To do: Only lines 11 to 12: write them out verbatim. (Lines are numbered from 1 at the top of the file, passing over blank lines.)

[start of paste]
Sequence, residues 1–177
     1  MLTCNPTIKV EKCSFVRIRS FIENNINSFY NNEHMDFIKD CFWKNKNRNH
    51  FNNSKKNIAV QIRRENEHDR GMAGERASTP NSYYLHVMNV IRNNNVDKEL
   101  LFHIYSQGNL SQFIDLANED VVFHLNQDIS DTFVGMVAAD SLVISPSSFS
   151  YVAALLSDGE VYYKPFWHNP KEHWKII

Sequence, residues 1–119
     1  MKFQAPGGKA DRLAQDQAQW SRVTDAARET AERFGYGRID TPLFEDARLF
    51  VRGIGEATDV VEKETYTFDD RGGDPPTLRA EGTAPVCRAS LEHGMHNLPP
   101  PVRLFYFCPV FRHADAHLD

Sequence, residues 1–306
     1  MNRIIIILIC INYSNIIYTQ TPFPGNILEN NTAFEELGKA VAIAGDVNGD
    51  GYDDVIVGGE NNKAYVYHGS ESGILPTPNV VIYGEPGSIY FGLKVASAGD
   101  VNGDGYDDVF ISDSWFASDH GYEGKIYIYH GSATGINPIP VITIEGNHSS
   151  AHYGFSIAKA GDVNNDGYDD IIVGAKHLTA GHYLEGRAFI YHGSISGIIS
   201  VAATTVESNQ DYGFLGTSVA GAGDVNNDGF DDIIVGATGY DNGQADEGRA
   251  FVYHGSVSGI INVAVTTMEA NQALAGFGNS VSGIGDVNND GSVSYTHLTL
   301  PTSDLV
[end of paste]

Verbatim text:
     1  MNRIIIILIC INYSNIIYTQ TPFPGNILEN NTAFEELGKA VAIAGDVNGD
    51  GYDDVIVGGE NNKAYVYHGS ESGILPTPNV VIYGEPGSIY FGLKVASAGD